Laboratory technician Lab technician
Laboratory technicians support scientists and help carry out tests, research and investigations.
1. Entry requirements
You'll need at least 4 GCSEs (A* to C) including science, maths and English. Employers may also prefer you to have A levels or a degree in a subject like:
- biomedical science
- forensic science
- environmental science
- materials science
Experience of working in a laboratory could help you get a job.
You could get into this job through an apprenticeship.
2. Skills required
- the ability to understand, follow and convey technical instructions
- accuracy and attention to detail
- organisational skills
3. What you'll do
You could work in areas like forensic science, scientific analysis, the health service and education.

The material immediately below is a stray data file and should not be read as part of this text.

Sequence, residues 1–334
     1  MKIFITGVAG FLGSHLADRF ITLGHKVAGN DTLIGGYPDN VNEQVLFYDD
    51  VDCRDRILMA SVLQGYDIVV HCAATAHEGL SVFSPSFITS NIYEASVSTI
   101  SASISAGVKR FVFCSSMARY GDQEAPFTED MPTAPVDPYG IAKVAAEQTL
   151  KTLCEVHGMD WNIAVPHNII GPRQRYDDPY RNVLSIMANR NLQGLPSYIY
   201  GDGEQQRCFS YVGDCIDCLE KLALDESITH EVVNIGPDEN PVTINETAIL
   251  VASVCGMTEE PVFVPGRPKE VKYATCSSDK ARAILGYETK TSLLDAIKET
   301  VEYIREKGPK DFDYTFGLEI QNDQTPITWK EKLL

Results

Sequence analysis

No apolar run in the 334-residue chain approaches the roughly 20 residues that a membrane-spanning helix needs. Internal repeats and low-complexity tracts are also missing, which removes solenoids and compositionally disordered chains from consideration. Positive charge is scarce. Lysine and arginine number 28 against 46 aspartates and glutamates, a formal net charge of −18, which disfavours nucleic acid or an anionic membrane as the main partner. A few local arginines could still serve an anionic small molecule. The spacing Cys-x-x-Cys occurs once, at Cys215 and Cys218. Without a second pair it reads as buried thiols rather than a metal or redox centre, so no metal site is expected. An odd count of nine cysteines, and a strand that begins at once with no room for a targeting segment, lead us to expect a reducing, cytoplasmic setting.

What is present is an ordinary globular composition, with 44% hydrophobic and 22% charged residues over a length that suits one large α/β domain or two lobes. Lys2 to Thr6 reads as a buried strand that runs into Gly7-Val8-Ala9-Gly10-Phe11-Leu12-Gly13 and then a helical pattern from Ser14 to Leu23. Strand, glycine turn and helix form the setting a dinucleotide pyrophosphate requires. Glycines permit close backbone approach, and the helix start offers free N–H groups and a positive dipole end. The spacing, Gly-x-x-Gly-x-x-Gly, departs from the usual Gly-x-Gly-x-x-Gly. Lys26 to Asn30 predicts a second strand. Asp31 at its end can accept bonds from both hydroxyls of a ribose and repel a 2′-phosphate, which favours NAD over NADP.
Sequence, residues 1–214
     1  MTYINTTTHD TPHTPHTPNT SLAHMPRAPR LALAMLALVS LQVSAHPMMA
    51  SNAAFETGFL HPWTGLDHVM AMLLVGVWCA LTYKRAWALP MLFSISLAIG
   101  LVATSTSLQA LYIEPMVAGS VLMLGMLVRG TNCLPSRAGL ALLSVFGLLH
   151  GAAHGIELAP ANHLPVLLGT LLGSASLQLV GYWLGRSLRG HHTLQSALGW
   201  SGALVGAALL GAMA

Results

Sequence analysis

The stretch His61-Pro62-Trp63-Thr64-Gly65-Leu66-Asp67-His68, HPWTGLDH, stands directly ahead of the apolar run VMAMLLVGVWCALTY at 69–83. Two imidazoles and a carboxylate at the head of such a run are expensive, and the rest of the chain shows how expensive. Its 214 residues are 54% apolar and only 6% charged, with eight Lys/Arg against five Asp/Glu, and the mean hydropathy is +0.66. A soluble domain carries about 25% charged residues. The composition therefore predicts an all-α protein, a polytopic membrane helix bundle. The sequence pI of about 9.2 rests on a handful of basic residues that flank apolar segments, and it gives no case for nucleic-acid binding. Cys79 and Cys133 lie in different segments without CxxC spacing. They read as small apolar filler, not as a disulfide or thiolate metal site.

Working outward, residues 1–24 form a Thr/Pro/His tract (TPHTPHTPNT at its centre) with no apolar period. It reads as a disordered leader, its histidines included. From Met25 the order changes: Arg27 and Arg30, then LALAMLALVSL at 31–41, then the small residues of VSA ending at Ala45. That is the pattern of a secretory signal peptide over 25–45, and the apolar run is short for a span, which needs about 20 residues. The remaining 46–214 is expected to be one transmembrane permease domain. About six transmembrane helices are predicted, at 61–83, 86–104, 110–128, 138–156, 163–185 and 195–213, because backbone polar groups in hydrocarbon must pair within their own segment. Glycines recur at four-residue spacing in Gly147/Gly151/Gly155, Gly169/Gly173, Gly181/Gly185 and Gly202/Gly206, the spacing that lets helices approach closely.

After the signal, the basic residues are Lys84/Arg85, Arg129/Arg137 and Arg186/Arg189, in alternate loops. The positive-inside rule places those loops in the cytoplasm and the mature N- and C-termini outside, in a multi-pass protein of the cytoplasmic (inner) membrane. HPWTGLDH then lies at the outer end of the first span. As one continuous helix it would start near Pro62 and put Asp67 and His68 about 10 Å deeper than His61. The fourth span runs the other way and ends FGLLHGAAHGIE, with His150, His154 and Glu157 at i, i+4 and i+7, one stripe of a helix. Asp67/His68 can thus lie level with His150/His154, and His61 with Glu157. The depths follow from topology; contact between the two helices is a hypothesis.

You could help diagnose diseases, measure pollution, develop products or use specialised medical techniques.
Your day-to-day tasks could include:
- setting up experiments and investigations
- carrying out risk assessments
- collecting and analysing samples
- preparing solutions, cultures or specimens
- recording and presenting data
- ordering and controlling stock
- disposing of chemicals and waste products safely
- cleaning and maintaining equipment
Experienced: £20,000 to £25,000
Highly Experienced: £30,000 or more
These figures are a guide.
5. Working hours, patterns and environment
You'll usually work 37 hours a week. You may work shifts on a rota.
Work usually takes place in sterile conditions. You'll wear clothing to protect you from dangerous substances and to prevent contamination of samples.
In some industries, you may need to travel for field work.
6. Career path and progression
With experience, you could progress to team manager or lab supervisor, or specialise in complex analysis work.
With a degree and experience you could move into a research technician role.
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Last updated: 13 April 2017